Sanders v. Michigan Supreme Court et al
ORDER DENYING PLAINTIFF'S MOTION 126 Motion to Disqualify Judge. Signed by District Judge Avern Cohn. (MVer)
UNITED STATES DISTRICT COURT
EASTERN DISTRICT OF MICHIGAN
Case No. 16-12959
HON. AVERN COHN
MICHIGAN SUPREME COURT, MICHIGAN
JUDICIAL TENURE COMMISSION, EQUAL
EMPLOYMENT OPPORTUNITY COMMISSION,
U.S. ATTORNEY’S OFFICE, DR. NORMAN L. MILLER,
UNITED STATES GOVERNMENT, MICHIGAN
ATTORNEY GRIEVANCE COMMISSION,
MICHIGAN ATTORNEY DISCIPLINE BOARD,
CITY OF DETROIT, a municipal Corporation,
LAIDLER & ZIELINSKI, PLLC, CYRIL HALL,
COLLINS, EINHORN, FARRELL, PC.,
and the 36TH JUDICIAL DISTRICT COURT,
ORDER DENYING PLAINTIFF’S MOTION FOR DISQUALIFICATION OF JUDGE
On August 15, 2016, plaintiff proceeding pro se and in forma pauperis, filed a
complaint against the above named defendants. As best as can be gleaned, plaintiff
claims violations of state and federal law relating to proceedings before the Michigan
Supreme Court and Michigan Judicial Tenure Commission which resulted in her
removal from the bench upon a finding that she is “mentally unfit.” She also claims
violations of federal law during her employment as a state district court judge, including
Title VII (race, religion, and gender discrimination) and the Americans with Disabilities
Act. The matter has been referred to a magistrate judge for pretrial proceedings, Doc.
85, before whom several motions are pending. See Docs. 80, 81, 82, 91, 92, 110, 112,
123, 125, 142, 144, 149.
Before the Court is plaintiff’s motion to disqualify the undersigned. For the
reasons that follow, the motion is DENIED.
Disqualification under either 28 U.S.C. § 455 or § 144 must be predicated “upon
extrajudicial conduct rather than on judicial conduct,” and upon “a personal bias as
distinguished from judicial one, arising out of the judge's background and association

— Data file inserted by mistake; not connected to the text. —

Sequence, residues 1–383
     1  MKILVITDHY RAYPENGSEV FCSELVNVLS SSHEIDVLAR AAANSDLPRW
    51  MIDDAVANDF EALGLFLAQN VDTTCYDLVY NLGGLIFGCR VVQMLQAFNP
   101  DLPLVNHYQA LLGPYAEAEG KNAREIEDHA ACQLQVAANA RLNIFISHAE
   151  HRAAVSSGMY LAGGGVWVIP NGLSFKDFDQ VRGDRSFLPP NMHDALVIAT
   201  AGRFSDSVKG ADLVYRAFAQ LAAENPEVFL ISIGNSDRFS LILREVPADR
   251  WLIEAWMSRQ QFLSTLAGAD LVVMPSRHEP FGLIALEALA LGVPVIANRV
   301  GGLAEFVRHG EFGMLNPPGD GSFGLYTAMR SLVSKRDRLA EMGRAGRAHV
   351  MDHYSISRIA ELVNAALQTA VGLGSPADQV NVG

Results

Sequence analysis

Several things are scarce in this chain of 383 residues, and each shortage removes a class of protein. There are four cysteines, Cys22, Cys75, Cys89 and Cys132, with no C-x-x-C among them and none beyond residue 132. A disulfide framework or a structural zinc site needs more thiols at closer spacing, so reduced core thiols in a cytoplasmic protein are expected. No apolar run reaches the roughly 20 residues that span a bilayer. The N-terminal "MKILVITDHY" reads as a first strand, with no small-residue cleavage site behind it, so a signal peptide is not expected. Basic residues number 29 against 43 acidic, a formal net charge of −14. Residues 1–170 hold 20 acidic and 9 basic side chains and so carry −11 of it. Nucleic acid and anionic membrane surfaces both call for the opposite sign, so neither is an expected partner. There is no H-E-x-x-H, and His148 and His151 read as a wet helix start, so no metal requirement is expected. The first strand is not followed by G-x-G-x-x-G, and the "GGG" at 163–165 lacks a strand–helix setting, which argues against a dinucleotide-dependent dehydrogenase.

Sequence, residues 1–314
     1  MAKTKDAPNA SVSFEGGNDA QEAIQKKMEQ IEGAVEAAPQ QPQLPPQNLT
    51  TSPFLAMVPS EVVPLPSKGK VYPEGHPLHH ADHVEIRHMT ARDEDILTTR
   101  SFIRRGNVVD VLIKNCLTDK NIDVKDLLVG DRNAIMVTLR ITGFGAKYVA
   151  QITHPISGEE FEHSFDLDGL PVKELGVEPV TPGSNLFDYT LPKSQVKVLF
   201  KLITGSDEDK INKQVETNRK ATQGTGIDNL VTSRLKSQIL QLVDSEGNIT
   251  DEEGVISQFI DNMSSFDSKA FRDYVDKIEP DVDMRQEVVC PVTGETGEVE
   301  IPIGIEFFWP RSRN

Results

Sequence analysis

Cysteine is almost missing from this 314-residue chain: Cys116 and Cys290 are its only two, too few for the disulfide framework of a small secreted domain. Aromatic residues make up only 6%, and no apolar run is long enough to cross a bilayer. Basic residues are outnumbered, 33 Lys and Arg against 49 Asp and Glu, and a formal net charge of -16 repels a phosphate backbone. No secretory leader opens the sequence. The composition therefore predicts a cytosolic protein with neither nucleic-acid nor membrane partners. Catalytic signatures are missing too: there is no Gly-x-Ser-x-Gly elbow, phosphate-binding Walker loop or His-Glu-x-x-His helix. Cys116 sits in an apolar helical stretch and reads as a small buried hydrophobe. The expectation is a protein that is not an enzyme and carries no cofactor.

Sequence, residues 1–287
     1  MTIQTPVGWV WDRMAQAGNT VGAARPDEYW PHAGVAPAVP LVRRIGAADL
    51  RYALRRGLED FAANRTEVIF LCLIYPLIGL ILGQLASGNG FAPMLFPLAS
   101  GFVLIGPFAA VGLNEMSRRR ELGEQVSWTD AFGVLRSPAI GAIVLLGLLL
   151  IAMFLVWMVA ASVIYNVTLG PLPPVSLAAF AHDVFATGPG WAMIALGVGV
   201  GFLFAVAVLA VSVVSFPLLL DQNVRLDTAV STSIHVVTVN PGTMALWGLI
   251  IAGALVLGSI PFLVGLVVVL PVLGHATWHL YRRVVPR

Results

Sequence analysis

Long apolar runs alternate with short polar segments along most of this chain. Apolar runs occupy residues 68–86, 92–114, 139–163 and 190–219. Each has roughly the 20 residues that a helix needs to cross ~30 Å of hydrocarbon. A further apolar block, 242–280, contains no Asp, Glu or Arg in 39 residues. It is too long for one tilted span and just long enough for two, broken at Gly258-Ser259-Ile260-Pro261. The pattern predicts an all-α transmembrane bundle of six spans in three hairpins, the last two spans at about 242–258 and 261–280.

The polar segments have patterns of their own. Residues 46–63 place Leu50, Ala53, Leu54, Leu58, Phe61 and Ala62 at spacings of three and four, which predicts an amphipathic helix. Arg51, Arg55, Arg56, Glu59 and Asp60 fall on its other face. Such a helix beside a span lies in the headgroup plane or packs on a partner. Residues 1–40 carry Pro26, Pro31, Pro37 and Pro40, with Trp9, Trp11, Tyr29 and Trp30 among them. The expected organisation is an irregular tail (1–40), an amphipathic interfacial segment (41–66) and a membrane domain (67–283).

and not from the judge's view of the law.” Id. at 1303-04 (quotations and citations
omitted). Section 455 provides that a judge must disqualify himself “in any proceeding
in which his impartiality might reasonably be questioned.” 28 U.S.C. § 455(a). It is
well-settled that adverse rulings during the course of proceedings are not by themselves
sufficient to establish bias or prejudice which will disqualify the presiding judge. See
Knapp v. Kinsey, 232 F.2d 458, 466 (6th Cir. 1956); see also City of Cleveland v.
Krupansky, 619 F.2d 576, 578 (6th Cir. 1980).
Here, plaintiff has not demonstrated any of the factors requiring disqualification.
Construed in the most liberal light, plaintiff argues that the undersigned must be
disqualified because she disagrees with the Court’s ruling on her motion for a TRO and
preliminary injunction and cannot be impartial because of an alleged, but not explained,
relationship with some of the defendants. Plaintiff has not shown that the undersigned
harbors “any personal bias or prejudice concerning a party, or personal knowledge of
disputed evidentiary facts concerning the proceeding....” 28 U.S.C. § 455(b)(1).
Plaintiff has not referred to any extrajudicial conduct arising out of the undersigned’s
background and associations. Therefore, plaintiff has not presented a factual basis to
support a motion under Section 455. The motion is without merit.
UNITED STATES DISTRICT JUDGE
Dated: September 11, 2017
Disclaimer: Justia Dockets & Filings provides public litigation records from the federal appellate and district courts. These filings and docket sheets should not be considered findings of fact or liability, nor do they necessarily reflect the view of Justia.
Why Is My Information Online?